While Minnesotans were out celebrating Barack Obama's win, Minnesota Congressional candidates didn't do so well. Obama's coattails just weren't long enough it seems. We'd like to know how many people just voted for president and then turned their ballot in. We know those judge bubbles were tough, but come on! The front page wasn't so hard.
Democratic incumbents won back their seats last night, but there were no gains for the U.S. House or Senate. Tim Walz, Betty McCollum, Keith Ellison, Jim Oberstar and Collin Peterson all won relection. Incumbent Republican John Kline also won.
The hard-fought battles in Minnesota's third and sixth districts stayed Republican. Erik Paulsen won the seat of retiring Rep. Jim Ramstad after an expensive and competitive race against Ashwin Madia. Rep. Michele Bachmann won reelection despite a tough battle against Elwyn Tinklenberg in the last month after her Hardball interview where she asked the media to witch hunt "Anti-American" members of Congress.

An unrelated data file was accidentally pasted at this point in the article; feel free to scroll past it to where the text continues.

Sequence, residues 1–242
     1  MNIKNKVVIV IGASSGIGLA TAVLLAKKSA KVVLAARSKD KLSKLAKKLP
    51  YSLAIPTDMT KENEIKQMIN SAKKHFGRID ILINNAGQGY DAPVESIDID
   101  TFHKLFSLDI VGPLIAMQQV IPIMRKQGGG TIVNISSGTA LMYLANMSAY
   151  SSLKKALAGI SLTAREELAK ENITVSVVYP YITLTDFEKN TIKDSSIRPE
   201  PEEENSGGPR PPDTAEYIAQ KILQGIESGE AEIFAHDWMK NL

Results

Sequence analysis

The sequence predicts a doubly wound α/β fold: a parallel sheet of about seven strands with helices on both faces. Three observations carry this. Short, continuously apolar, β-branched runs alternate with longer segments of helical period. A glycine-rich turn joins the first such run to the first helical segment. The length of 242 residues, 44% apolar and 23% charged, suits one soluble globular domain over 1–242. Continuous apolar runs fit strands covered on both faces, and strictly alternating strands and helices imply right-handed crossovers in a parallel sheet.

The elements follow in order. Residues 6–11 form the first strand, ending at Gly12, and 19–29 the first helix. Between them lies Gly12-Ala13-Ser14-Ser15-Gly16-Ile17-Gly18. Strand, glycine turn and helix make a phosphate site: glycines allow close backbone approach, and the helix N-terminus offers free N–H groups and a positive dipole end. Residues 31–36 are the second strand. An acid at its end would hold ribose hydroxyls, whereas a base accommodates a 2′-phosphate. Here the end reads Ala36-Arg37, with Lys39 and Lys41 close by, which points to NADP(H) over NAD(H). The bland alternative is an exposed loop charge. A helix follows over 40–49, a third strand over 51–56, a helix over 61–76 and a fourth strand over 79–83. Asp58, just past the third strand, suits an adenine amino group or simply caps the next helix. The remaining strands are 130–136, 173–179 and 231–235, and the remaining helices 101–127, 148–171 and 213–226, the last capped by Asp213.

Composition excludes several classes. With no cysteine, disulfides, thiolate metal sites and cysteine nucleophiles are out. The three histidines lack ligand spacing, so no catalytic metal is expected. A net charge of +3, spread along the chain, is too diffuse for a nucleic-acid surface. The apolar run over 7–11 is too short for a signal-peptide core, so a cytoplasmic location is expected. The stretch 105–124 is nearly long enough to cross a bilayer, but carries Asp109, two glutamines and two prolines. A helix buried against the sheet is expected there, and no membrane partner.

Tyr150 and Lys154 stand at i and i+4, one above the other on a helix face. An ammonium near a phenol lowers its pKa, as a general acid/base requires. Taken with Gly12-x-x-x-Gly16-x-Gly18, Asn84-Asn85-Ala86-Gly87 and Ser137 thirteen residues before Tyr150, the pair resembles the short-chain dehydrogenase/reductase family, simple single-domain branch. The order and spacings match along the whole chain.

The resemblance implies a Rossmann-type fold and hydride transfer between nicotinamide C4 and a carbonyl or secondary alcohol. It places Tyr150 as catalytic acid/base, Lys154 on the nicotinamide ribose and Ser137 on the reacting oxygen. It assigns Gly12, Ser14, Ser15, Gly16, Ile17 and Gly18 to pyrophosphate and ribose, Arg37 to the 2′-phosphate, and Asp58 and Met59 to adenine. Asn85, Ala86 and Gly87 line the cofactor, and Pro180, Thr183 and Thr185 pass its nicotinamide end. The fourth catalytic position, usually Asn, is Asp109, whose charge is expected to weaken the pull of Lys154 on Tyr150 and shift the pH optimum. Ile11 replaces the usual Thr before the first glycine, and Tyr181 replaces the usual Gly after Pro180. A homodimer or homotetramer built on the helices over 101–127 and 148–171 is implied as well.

And while the Senate race in Minnesota is still undecided, Franken is down more than 700 votes.
Our races look much different than others across the country. There are 11 seats not called across the country and the Democrats gained close to 20 seats so far.
In the Minnesota House, Democrats kept their majority, but didn't reach the veto-proof majority to overrule Gov. Tim Pawlenty, according to the Associated Press.
And that record turnout Minnesota was hoping for? We got close but didn't top 80 like we had hoped, according to the Associated Press.
Secretary of State Mark Ritchie said he wanted to get "80 in '08" -- meaning 80 percent of eligible voters.
With 99 percent of precincts reporting, it appeared that about 2.9 million people cast ballots. With about 3.71 million eligible voters, that's about 77.5 percent turnout.
Minnesota hit 83 percent turnout in 1956 to reelect Dwight D. Eisenhower.